Like mugs, there's a hacker born every minute. In fact, according to the latest survey, the number of those deciding to take up golf may be growing at an even faster rate than that.
How many newcomers that amounts to worldwide I can't say, but in Europe, the Middle East and Africa they seem to be flocking to the fairways.
Not all beginners spend long in the hackersphere. Some proceed to a higher level of accomplishment quite quickly, some not quite so quickly and some of us not at all.
But it is comforting to know that golf's bungling brotherhood gets bigger by the day. It can only increase our power in the fight for a better deal. This, of course, was not the mainthrust of KPMG's annual Golf Benchmark Survey, published on Friday, which mainly concerns itself with measuring the business performance of golf courses throughout the areas mentioned above.
This is particularly interesting to those planning to take advantage of the golf boom which is generating big bucks in many places, not least in Dubai, where they are reaping margins of 32 per cent out of the game. This is less surprising when you learn that their golfing revenue is three or four times higher than their European counterparts.
Outside of the financial gains, golf's greatest success is in Ireland, where they have the highest participation rate among the population. Nearly one in every 15 people in Ireland is an affiliated golfer – that's seven per cent of the total population, compared with Scotland (5%), Wales (2.4%) and England (1.9%) which is a poor show.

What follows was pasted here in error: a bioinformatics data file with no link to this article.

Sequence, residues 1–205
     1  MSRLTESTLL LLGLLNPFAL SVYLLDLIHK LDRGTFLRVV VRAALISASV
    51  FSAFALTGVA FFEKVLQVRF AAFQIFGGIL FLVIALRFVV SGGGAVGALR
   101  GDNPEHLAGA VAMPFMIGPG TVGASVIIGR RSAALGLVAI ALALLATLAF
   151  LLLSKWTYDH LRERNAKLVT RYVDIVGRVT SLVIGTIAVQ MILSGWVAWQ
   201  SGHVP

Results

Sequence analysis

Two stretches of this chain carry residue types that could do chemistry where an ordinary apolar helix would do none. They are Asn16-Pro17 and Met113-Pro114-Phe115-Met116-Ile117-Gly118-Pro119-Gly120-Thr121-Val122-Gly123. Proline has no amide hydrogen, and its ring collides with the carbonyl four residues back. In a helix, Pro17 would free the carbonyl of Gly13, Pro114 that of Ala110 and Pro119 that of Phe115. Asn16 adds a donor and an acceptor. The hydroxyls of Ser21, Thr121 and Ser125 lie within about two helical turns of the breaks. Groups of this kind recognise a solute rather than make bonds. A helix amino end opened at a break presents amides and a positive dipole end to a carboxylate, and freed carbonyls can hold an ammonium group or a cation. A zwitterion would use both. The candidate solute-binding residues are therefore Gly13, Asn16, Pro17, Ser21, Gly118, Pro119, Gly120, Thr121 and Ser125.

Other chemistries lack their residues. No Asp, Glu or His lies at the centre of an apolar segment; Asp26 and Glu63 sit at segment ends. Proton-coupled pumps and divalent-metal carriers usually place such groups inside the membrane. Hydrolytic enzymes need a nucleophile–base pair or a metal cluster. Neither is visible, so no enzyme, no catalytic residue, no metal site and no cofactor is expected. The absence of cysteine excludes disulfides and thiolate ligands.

As the birthplace and breeding ground of the game, you would assume Scotland was the biggest golfing money-spinner in these parts. They certainly make the most of the game, with Scottish courses averaging 34,000 rounds a year compared with 31,000 in England, 27,000 in Ireland and 24,000 in Wales. Yet Ireland makes more money out of golf than the other three and the survey classes them fifth highest earner behind Dubai, Portugal, the Netherlands and Spain.
The Netherlands is the surprise name in that list. The Benelux countries are among the busiest and best-performing in golf, and the Dutch are the leading lights in an area that in the past 20 years has quadrupled its courses and where the number of registered golfers had grown tenfold.
Most of the courses involved in the survey are in the privately-owned sector, where the profit motive is much more to the fore compared with the clubs owned and run by their members. The need for profits can lead to a different attitude. I once asked a golf club proprietor how wet his course had to be before he cancelled play. "When the water reaches the till," he replied.
There was one disquieting statistic produced by the survey. The average proportion of senior male to senior female golfers in clubs in Great Britain and Ireland is 63 per cent to 18 per cent. In Wales the figures are 73 per cent to 15.7 per cent, which is in embarrassing contrast to the area covered by Germany, Austria and Switzerland, where the figures are 51.5 to 32.5. Where would you have thought the highest number of male chauvinist old sods lived?